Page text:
The goal is to bury the burner under this small lava rock until it is covered by at least 1/2 inch lava rock. (Please note that this is just for traditional style burners.)

Two of the most well-known burner manufacturers in the United States have slightly different opinions on the subject. One option is the 1/2′′ we described earlier. The other recommends filling only to the level of the burner’s top but not to the point of burying it.

Points of Caution

Check to see whether your fire glass or lava rock is interfering with the operation of a Spark Ignition Probe.

Some offer a protective cage, while others are just a probe, and you must make sure nothing gets in between the spark ignitors probes, preventing the spark.

Propane and natural gas are heavier than air, so it naturally flows down rather than upwards as it escapes from the burner. Check to determine if you have too much filler on the burner if the flame isn’t what you want. If this is the case, try eliminating some and seeing if the flame quality improves. (Learn What To Do With Ashes From Fireplace)

How Deep Should Lava Rock Be in Fire Pit?

Lava rocks are simple to care for and offer your fire pit a sleek, contemporary appearance. Fill your fire pit with a layer of lava rock that is 4-5 inches thick. Then, if the wood is your preferred fuel, stack it on top. If you’re using gas, you can add more lava rocks and fill the entire fire pit or cover the fire ring.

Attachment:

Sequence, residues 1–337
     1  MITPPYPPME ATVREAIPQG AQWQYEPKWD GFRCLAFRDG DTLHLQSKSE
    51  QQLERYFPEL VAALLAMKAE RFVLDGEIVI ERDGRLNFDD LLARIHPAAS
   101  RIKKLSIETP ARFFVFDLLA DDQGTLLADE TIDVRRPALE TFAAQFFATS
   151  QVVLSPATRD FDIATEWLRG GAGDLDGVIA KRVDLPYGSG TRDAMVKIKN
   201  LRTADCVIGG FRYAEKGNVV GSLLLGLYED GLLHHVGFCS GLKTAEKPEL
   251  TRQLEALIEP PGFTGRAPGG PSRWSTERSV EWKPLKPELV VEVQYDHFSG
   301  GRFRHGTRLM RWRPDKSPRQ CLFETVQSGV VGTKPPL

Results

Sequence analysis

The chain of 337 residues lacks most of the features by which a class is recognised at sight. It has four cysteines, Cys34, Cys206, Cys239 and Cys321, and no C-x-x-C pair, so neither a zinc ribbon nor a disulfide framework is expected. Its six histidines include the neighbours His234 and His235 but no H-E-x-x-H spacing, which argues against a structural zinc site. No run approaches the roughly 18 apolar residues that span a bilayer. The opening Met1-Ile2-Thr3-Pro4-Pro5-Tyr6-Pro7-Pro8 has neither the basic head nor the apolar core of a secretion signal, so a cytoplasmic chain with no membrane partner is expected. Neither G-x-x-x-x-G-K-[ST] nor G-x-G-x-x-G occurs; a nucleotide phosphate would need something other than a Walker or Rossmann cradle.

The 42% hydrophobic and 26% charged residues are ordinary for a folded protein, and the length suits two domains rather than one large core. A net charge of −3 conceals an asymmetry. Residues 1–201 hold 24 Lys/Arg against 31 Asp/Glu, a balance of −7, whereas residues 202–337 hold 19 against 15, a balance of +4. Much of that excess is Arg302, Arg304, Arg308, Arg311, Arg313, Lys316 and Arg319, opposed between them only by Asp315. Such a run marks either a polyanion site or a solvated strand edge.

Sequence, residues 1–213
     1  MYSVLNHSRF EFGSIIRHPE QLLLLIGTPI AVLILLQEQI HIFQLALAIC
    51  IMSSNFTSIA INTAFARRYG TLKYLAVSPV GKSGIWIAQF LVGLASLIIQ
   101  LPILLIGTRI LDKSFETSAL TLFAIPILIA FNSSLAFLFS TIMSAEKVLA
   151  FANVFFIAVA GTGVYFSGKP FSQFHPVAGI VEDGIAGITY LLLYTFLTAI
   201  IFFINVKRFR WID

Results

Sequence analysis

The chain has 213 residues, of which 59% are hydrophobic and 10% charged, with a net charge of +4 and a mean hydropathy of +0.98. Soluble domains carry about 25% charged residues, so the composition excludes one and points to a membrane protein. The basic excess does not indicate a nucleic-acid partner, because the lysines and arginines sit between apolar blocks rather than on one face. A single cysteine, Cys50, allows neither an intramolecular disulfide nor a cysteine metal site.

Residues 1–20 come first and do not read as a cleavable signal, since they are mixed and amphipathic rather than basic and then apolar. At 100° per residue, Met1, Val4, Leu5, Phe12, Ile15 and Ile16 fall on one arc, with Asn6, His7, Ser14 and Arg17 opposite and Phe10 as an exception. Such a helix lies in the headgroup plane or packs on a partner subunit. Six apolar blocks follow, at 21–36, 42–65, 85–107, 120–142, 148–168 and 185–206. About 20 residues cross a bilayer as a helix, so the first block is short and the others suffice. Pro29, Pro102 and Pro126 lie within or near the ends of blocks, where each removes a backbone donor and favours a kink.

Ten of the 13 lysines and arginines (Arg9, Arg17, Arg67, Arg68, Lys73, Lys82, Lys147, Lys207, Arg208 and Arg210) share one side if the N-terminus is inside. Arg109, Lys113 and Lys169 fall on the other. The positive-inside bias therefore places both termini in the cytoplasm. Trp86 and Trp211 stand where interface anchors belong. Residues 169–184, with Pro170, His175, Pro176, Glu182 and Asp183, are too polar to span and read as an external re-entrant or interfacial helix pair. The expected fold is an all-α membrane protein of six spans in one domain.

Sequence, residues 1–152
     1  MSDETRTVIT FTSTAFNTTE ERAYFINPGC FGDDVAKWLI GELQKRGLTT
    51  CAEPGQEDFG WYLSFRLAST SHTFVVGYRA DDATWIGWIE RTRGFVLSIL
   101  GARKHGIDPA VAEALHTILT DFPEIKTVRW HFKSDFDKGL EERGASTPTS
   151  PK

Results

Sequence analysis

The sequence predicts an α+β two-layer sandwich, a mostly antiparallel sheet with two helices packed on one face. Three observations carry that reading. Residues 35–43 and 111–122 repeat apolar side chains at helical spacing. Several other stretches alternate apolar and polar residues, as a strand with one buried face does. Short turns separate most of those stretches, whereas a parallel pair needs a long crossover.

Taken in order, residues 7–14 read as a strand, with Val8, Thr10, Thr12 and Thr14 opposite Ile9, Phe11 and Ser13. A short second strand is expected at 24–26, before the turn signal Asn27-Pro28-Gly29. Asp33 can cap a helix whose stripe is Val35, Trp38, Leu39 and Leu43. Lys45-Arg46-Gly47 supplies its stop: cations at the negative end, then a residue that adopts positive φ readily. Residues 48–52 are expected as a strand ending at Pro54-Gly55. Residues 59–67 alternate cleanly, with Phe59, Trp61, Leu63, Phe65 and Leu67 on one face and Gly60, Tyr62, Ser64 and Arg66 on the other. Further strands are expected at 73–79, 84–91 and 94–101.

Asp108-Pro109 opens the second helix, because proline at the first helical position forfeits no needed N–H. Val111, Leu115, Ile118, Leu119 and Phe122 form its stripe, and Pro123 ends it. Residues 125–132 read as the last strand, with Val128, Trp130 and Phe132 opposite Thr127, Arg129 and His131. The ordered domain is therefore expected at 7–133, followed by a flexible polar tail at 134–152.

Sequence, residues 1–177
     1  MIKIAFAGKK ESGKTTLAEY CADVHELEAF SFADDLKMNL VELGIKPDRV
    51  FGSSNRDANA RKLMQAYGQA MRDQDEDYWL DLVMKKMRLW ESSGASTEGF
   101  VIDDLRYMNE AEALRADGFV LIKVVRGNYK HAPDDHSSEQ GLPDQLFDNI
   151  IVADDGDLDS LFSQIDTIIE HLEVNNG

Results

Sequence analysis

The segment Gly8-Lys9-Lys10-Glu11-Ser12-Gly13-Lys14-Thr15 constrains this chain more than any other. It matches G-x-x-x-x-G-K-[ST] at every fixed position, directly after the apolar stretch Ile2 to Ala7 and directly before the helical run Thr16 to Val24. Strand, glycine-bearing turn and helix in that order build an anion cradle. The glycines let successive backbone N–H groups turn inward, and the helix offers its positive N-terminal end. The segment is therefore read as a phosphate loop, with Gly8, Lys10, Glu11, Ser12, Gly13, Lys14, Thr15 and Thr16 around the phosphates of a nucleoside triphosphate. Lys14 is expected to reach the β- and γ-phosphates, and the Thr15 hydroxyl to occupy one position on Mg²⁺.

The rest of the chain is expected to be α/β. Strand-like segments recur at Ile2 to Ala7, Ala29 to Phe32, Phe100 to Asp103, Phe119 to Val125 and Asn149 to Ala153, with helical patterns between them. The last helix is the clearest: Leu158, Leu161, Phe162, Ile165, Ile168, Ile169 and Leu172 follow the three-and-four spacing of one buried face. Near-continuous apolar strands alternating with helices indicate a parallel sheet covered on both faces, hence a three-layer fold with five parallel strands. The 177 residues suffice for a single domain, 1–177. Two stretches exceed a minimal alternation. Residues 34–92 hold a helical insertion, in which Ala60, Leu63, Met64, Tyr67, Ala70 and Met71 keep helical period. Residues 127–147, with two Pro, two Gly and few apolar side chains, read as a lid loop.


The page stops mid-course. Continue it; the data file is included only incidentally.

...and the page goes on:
Fire Pit Safety

Fire Pit Safety and Fire Pit Tips

Ensure that your fire pit is in a well-ventilated area. Set up your fire pit use area outside, not inside or on a covered patio.

Cut any low-hanging branches if you have to build a fire pit in a wooded location or with a lot of foliage.

Make sure the surface you’re using for your fire pit is safe. Do not position it on a wood surface, and ensure the fire pit is leveled before lighting.

Make sure the bowl has a drain so it doesn’t fill when it rains. You can find some fire pits that come with a 1.5” hole pre-drilled for drainage and the gas pipe.

Burn nothing without a protecting layer of lava rock on the fire pit’s bottom. If you’re burning wood, cover the bottom with a layer of lava rock that’s at least 4-5 inches thick. Then, on top of the lava rock, add your firewood. Fill the fire pit with enough lava rock to cover the fire ring for gas burning.

Keep a fire extinguisher handy and wear protective gloves when lighting a fire pit and handling the fuel.

Cover the top with more lava rocks for fire until it reaches the very top of the pit to hide it.

Take the gas line through the bowl’s bottom and place the on/off valve near enough to the fire pit to make it easy to use. (Learn How Much Does It Cost To Level A Yard)

Even with the best precaution of utilizing lava rock to diffuse the heat, concrete fire pits can develop hairline fractures due to intense heat and cooling. To keep these cracks to a minimum, avoid using large, hot wood fires that burn to extremely high temperatures and are hotter than when you use gas and use lava rocks for a fire.

Some states and counties make it unlawful to burn wood, so check your local regulations.

How To Arrange Lava Rocks On A Gas Fire Pit